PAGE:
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Dicke, Robert J. (ed.) / Transactions of the Wisconsin Academy of Sciences, Arts and Letters
volume XLIV (1955)

Lawton, Gerald W.
An investigation of the chemical oxygen demand determination,   pp. 45-56 PDF (3.1 MB)

Page 45

Hydraulic and Sanitary Laboratory, Civil Engineering 
Department, University of Wisconsin 
 The biochemical oxygen demand (B.O.D.) determination for evaluating the
strength of domestic and industrial wastes is now used almost universally.
Despite its wide acceptance it possesses the great shortcoming that five
days are required for reliable data. A test that would give results in a
much shorter time would of course be very desirable. Many attempts have been
made to select a chemical oxygen demand (C.O.D.) test that would give the
same results in a matter of hours or minutes. The difficulties encountered
in such ' tests arise from the fact that chemical oxidation of organic matter
follows ' different paths and stops at different points from those of biochemical
oxidation. Thus the values obtained by B.O.D. and C.O.D. determinations may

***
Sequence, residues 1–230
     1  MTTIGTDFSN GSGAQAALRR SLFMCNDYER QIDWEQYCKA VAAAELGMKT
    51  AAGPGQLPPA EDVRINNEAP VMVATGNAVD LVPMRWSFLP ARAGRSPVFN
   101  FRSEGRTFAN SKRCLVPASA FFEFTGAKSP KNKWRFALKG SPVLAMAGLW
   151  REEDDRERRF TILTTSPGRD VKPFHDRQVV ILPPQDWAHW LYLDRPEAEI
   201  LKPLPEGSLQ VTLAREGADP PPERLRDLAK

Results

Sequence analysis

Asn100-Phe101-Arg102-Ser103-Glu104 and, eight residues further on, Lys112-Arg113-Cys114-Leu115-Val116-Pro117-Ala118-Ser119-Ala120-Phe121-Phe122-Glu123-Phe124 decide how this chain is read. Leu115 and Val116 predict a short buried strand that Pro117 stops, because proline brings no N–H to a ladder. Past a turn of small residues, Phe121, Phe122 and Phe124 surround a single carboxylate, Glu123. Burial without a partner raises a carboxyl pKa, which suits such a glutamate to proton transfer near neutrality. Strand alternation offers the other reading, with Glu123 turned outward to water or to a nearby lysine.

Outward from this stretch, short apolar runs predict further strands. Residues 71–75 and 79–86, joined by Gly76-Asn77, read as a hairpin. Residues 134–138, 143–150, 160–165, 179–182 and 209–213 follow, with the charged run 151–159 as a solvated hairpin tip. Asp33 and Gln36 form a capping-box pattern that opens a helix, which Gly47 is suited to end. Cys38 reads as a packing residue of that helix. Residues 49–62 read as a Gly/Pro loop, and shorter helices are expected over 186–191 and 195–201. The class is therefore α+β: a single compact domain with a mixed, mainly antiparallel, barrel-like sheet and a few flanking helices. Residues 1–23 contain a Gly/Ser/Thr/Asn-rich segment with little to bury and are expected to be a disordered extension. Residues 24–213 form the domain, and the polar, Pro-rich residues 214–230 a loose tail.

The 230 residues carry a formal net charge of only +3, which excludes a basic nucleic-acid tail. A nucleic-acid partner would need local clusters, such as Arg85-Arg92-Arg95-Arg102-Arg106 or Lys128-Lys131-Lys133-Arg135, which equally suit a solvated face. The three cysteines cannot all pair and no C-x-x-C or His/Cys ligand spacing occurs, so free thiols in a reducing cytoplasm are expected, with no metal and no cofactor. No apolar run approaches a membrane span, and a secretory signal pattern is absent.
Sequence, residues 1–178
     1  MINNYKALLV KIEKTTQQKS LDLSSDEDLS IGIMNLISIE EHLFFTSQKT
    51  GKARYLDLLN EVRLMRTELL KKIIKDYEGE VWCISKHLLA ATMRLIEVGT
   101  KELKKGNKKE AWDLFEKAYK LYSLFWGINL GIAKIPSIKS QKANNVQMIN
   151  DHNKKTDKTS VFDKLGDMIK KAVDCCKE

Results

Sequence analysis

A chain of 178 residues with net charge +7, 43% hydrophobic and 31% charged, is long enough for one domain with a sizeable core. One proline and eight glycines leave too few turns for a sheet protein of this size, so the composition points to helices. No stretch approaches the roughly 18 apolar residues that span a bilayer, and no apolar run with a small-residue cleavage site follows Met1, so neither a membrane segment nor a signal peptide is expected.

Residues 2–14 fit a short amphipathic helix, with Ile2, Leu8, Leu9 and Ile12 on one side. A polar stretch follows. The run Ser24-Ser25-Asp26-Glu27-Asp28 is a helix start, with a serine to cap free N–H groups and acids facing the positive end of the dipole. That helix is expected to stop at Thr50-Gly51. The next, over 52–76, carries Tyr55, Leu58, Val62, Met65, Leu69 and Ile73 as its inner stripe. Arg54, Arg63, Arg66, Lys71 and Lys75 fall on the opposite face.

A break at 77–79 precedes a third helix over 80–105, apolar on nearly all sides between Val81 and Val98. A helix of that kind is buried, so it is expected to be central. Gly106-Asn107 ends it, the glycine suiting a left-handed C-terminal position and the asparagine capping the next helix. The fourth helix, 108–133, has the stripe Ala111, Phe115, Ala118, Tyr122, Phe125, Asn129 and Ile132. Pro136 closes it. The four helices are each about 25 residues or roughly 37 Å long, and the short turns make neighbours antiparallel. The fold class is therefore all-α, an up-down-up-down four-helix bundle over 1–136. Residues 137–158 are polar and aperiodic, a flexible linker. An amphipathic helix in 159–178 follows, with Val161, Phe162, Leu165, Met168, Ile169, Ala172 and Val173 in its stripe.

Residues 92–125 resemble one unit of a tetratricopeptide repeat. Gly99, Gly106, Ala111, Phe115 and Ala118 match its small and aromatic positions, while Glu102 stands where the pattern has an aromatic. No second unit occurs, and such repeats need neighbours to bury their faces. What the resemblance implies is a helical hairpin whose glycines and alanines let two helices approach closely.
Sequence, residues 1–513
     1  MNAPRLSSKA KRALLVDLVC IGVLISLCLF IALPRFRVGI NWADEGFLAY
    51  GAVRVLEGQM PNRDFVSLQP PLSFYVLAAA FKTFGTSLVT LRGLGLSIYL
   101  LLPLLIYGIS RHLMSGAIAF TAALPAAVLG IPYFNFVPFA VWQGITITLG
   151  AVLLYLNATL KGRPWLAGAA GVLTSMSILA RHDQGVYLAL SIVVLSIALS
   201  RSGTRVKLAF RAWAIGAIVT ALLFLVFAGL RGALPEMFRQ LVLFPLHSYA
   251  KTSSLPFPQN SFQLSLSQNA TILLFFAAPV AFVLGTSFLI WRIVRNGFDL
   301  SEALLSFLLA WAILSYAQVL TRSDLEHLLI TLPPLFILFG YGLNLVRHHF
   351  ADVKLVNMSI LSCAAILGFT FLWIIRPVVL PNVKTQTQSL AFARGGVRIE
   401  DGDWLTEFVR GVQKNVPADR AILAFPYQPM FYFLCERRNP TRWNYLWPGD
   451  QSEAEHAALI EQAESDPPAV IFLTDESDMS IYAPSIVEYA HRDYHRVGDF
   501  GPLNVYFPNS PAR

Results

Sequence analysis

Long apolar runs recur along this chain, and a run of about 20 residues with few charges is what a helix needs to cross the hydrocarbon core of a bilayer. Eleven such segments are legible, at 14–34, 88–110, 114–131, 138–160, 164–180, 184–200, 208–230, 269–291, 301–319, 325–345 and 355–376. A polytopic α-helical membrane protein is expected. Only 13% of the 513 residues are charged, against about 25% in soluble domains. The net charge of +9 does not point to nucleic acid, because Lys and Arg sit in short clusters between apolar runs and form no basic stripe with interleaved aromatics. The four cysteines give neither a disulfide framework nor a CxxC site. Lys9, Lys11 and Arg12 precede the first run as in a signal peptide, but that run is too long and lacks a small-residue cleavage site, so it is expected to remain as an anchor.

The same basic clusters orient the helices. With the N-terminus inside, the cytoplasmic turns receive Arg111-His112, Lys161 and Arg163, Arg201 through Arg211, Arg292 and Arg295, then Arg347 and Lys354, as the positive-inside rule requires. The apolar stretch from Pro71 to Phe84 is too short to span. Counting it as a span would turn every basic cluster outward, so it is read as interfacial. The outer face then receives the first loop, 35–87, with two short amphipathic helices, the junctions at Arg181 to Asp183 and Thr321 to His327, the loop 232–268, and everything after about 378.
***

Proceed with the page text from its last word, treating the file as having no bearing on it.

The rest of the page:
have a high degree of correlation but ordinarily they are not the same. 
 Moore, Kroner, and Ruchhoft (1) as well as Ingols and Murray (2) have given
brief histories of the many attempts made to develop a satisfactory C.O.D.
test,. The main oxidizing agents that have been used are potassium dichromate,
potassium permanganate, ceric sulfate, and iodic acid. Standard Methods for
the Examination of Water and Sewage (3) at present describes an oxygen consumed
test using potassium permanganate as the oxidizing agent. From recently published
results (1) (2) (4) it appears that a dichromate oxidizing solution is the
most reliable and is not difficult to use. 
 Rhame (4) used potassium dichromate as the oxidizing agent in a mixture
of equal parts of sulfuric and phosphoric acids. He determined the unused
dichromate by means of potassium iodide, starch, and sodium thiosulfate.
His method did not consider the loss of volatile materials by evaporation
from the open container during boiling, and it did not use a constant mixture
that would maintain a constant boiling temperature. These two conditions
undoubtedly produced results that were not readily reproducible. 
 Ingols. and Murray (2) employed the same oxidizing agent that Rhame had
suggested and similarly determined the amount of unused reagent. They refined
Rhame's method by refluxing in 

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